Senator Francis Pangilinan filed a cyberlibel complaint before the Department of Justice on Friday (July 16), accusing the owners of two YouTube channels and a country manager of Google of spreading false information that he was physically abusing his wife, actress Sharon Cuneta-Pangilinan.
The owners of the YouTube channels Starlet and Latest Chika were charged with cyberlibel and violating Republic Act 10175, the Cybercrime Prevention Act of 2012. Pangilinan complaint also named Google's country manager.
Earlier this May, both channels posted videos alleging a domestic spat between Pangilinan and Cuneta and a fictitious third person in their marriage.
According to a video posted by Starlet on May 20, 2021, Pangilinan purportedly urged his wife not to pursue a case against him.
“Said video contained statements that I physically hurt or abused my wife, Sharon Cuneta-Pangilinan, and that she and our daughter, KC, filed a case against me for physical injuries,” Pangilinan said in his complaint.
The following day on May 21, 2021, Latest Chika followed suit and posted a similar video on YouTube, citing sources who claimed that the actress had already filed a lawsuit against the senator.
The senator also said that the videos “created in the minds of the viewers that [he] physically hurt or abused [his] wife and caused her physical injuries and that she has filed a criminal case against [him] for physical injuries.”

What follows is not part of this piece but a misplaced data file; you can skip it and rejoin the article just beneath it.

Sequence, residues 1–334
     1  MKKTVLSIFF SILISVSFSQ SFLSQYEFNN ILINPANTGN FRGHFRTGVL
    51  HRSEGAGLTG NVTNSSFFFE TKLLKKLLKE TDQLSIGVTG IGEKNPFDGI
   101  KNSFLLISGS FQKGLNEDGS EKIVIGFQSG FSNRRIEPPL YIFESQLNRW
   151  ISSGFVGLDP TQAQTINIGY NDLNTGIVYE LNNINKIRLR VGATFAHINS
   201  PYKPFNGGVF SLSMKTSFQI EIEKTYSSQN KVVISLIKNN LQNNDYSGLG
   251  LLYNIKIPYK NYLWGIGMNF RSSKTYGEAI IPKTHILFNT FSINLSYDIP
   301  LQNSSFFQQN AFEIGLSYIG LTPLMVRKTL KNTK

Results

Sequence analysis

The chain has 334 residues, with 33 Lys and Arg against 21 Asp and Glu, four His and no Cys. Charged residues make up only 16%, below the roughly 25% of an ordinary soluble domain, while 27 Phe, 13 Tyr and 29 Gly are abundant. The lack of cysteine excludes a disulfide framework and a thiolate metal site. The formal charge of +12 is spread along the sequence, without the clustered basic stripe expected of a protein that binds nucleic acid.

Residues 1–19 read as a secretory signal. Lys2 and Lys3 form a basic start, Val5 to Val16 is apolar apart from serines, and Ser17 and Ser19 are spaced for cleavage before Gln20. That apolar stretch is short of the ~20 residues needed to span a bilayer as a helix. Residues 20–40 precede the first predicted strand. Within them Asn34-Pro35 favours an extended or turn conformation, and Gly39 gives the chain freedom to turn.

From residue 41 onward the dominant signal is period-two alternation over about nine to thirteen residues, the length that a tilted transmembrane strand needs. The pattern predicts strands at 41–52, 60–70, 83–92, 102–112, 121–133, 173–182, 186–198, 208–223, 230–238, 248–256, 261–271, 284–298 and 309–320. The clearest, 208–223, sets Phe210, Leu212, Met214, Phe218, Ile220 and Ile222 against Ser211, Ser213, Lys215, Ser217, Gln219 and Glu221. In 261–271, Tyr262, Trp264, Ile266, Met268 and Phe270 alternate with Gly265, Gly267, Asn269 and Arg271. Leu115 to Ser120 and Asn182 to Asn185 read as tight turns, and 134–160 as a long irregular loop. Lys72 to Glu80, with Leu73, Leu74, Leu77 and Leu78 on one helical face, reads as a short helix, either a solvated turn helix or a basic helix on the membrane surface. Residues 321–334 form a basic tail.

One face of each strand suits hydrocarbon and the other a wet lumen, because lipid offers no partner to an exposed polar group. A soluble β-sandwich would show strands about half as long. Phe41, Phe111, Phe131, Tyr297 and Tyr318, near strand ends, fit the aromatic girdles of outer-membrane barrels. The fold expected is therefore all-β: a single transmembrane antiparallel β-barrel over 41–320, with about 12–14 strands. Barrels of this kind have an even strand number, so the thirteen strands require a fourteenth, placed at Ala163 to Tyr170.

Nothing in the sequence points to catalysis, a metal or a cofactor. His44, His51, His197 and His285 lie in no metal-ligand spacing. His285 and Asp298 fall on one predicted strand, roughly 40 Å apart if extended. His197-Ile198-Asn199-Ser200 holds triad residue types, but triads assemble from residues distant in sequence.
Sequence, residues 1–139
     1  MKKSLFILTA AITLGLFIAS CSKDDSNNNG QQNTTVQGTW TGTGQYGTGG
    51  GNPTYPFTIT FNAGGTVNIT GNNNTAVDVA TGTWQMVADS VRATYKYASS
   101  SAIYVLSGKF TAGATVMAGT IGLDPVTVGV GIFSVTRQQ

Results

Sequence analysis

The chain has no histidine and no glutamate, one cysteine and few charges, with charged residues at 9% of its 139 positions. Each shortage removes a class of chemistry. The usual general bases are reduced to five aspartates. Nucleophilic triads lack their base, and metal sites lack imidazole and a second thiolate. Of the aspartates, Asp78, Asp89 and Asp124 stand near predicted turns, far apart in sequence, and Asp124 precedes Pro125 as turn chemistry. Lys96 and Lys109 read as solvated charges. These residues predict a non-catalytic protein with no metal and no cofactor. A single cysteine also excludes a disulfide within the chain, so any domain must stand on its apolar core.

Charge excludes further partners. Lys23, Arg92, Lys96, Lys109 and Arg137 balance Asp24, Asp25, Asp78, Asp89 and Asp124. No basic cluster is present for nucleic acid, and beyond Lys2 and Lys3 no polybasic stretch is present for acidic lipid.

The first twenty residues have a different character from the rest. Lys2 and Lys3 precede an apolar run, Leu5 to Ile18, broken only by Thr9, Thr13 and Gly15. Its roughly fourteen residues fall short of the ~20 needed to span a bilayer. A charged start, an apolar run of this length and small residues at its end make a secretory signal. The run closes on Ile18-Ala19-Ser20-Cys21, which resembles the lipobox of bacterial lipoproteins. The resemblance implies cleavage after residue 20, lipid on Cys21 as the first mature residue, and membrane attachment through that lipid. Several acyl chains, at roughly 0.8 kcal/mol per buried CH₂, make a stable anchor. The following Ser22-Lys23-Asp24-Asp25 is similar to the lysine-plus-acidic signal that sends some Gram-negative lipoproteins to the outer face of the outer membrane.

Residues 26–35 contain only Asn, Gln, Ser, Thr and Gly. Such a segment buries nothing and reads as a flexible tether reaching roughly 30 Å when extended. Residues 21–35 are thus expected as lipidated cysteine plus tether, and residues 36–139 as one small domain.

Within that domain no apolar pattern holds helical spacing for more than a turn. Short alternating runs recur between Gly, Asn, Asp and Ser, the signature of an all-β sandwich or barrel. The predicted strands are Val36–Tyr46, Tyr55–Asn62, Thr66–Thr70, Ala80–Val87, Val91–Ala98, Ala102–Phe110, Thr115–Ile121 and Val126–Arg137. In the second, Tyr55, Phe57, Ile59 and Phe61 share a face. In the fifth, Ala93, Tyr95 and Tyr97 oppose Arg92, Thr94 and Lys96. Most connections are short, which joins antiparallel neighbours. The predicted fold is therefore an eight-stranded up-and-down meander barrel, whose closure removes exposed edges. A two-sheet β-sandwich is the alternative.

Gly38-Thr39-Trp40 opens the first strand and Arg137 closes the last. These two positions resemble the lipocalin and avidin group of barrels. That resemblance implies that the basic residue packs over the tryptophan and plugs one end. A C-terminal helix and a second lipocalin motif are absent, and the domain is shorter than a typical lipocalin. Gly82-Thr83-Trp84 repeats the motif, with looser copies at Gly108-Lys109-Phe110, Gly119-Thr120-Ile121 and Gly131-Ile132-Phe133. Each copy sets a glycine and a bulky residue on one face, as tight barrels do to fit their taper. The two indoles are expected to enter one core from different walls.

The videos have received hundreds of thousands of views online, Pangilinan added in his complaint.
Aside from the videos, the senator also called attention to how the thumbnails contained false information that enticed visitors to watch the videos.
A week later on May 28, Cuneta-Pangilinan responded by posting a video on Instagram denying the rumors. “Nalinaw na rin namin ang mga walang kakwenta-kwenta at walang katotohanang mga chismis! (We have finally cleared up the nonsense and untrue gossip!),” the actress captioned.
Meanwhile, the senator included Google's country manager in the complaint because according to him the country manager failed to "ensure that the employees exercise the necessary diligence in ascertaining the existence of defamatory videos and the removal of such in order to maintain the Community Guidelines and its Policy, Safety, and Copyright Policies."
Google found none of the 82 videos reported by Pangilinan to be defamatory.
Pangilinan argued that despite their knowledge of the defamatory complaints, Google still “refused to remove such videos despite being informed of its defamatory nature which is in violation of the Philippine laws and even YouTube’s own Community Guidelines and its Policy, Safety and Copyright Policies.”
YouTube was purchased by Google in 2006. According to the video streaming site’s Terms of Services, their service provider is Google.
Ana Catalina Paje is a development journalist passionate about grassroots communication geared towards genuine social change. She also writes about showbiz, lifestyle, and all things Pinoy pride. The views expressed are her own.
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